Tuesday – January 24, 2017
Women in Technology Center Encourages Women to Thrive in Non-Traditional Occupations
Wisconsin Senator Tammy Baldwin toured the Women in Technology Center when she visited MATC's Downtown Milwaukee Campus to discuss The Grants for Renewable Energy Education for the Nation (GREEN) Act. Pictured left to right are Brandi Burnett, Serita Campbell and Sen. Baldwin.
Brandi Burnett wants to make a major career shift into computer electronics technology or computer programming – both fields greatly dominated by male employees. "I've worked in child care and food service," she said. "I wasn't real computer smart, but having children who love technology has kind of pushed me into learning more about computers."
She is intrigued by computer-related fields for a number of reasons, including the promise of higher wages and greater job stability. But she feels somewhat isolated in her technical studies courses because there are so few women in her classes.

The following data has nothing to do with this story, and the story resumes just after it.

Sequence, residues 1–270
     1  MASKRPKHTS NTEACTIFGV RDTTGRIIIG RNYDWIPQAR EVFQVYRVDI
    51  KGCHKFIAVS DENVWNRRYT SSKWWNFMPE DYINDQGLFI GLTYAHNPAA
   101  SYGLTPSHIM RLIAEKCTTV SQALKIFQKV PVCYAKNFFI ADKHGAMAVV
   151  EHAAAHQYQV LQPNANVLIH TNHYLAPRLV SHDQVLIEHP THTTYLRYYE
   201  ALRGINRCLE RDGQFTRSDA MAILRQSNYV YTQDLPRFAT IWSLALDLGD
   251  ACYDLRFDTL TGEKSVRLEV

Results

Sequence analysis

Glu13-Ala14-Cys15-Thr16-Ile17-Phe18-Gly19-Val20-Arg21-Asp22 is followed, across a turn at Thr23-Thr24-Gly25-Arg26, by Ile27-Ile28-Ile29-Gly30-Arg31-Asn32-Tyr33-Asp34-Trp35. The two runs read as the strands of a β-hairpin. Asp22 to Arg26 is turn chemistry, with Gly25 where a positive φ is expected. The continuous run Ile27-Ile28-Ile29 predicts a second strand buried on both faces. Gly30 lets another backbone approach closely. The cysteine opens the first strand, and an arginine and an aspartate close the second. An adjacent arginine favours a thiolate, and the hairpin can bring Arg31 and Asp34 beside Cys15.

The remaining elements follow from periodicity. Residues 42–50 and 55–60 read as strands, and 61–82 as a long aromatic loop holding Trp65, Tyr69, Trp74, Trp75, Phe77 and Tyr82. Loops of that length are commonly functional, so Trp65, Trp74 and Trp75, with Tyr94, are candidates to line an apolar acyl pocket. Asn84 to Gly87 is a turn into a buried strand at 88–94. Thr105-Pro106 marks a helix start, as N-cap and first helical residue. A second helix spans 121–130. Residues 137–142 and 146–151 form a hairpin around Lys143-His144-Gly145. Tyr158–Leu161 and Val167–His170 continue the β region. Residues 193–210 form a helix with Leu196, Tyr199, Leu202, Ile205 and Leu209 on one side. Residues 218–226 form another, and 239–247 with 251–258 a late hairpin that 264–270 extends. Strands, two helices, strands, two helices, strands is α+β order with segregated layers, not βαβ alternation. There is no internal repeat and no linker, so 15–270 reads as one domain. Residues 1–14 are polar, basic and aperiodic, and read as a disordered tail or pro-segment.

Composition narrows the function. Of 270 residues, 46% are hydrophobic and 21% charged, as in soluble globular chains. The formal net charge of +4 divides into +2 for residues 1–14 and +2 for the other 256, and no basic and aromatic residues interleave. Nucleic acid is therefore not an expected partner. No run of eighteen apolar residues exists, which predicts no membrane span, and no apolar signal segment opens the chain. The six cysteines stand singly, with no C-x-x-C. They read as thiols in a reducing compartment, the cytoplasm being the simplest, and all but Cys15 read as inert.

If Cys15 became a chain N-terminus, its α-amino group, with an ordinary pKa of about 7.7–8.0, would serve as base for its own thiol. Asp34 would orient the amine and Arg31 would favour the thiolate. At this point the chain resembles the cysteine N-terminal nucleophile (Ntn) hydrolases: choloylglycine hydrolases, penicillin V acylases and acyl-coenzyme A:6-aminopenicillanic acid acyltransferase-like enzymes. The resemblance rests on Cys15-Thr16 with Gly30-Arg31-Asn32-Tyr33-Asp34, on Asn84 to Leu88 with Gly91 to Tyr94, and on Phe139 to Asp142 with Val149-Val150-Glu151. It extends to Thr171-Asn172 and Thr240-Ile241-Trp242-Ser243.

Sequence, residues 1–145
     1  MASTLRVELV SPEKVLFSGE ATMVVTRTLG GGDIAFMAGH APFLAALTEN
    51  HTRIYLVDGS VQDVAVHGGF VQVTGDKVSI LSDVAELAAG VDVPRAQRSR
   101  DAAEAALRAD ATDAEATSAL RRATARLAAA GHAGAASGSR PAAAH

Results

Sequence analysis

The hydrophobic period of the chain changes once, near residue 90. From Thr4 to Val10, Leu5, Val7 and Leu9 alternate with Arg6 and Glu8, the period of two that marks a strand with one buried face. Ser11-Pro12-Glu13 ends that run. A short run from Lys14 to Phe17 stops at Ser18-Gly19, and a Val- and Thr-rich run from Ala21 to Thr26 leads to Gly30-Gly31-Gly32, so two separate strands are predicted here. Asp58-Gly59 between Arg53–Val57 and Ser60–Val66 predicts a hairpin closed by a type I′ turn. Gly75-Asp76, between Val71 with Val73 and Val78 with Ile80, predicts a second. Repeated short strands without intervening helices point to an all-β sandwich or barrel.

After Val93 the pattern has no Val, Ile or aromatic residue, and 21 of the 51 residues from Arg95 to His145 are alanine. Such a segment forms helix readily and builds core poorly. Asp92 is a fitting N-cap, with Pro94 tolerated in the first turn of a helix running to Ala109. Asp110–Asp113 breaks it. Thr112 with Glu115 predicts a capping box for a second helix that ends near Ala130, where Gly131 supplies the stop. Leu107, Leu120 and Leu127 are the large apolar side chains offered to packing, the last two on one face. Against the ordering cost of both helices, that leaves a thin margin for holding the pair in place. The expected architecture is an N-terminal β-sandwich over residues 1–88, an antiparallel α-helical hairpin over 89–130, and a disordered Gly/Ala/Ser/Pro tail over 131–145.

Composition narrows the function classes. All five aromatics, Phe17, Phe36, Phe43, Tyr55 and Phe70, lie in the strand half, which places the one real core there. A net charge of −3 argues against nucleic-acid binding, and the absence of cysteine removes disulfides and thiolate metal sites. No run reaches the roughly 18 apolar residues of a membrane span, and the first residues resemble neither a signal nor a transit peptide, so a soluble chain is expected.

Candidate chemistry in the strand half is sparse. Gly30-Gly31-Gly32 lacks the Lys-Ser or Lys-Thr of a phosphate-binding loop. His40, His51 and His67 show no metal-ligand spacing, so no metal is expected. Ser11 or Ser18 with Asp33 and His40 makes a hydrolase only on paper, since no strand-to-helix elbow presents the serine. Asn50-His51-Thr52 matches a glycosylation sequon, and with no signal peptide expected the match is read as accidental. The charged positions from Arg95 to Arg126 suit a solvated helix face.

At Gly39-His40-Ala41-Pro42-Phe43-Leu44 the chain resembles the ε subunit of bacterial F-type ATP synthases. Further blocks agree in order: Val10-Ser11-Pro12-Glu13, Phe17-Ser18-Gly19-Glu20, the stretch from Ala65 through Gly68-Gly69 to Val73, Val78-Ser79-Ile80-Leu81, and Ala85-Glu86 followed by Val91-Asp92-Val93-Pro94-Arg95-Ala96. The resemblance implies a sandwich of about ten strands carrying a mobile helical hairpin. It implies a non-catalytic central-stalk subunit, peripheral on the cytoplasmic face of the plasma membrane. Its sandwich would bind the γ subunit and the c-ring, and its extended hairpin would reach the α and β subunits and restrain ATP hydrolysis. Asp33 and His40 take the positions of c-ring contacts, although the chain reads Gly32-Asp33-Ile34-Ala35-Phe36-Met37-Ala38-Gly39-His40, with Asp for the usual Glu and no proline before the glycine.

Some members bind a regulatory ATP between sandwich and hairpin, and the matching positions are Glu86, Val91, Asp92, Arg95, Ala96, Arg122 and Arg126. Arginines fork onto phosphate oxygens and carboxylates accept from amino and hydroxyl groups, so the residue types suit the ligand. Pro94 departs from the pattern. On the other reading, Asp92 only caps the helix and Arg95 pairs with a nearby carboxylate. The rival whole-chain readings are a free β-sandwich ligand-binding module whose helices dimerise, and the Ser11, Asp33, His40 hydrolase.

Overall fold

Computer programming and computer electronics technology are both considered non-traditional occupations (NTO) for women. An occupation is considered non-traditional by the U.S. Department of Labor if 25 percent or less of the people employed the field are of one gender. MATC offers 100 NTO programs – 66 for women and 34 for men.
"In most cases, non-traditional occupations for women are in fields that lead to higher salaries, better benefits and more recession-proof career tracks," explained Nutan Amrute, MATC coordinator for non-traditional occupations.
Non-Traditional Occupations Can be Rewarding
A feeling of not belonging in non-traditional occupations programs can be enough to compel some students to drop out of programs or even out of college, according to Amrute. She said that students tell her that being one of the only women in a technical studies field can be intimidating and frustrating.
MATC is helping female students cope with the isolation by offering them a place to come together to give each other mutual support and learning opportunities. The brainchild of MATC's Non-Traditional Occupations (NTO) Grant Project Committee, MATC formed a Women in Technology (WIT) Center in 2011. Housed in the T Building on MATC's Downtown Milwaukee Campus, the WIT Center offers female students a place to study in a relaxed and supportive atmosphere and to share ideas on coping with being women in what are generally considered "men's fields."
Deb Richards, MATC air conditioning and refrigeration technology instructor (left), helps student Maria Stubbendick build a "dark sensor alarm" for a home security system in the Women in Technology Center.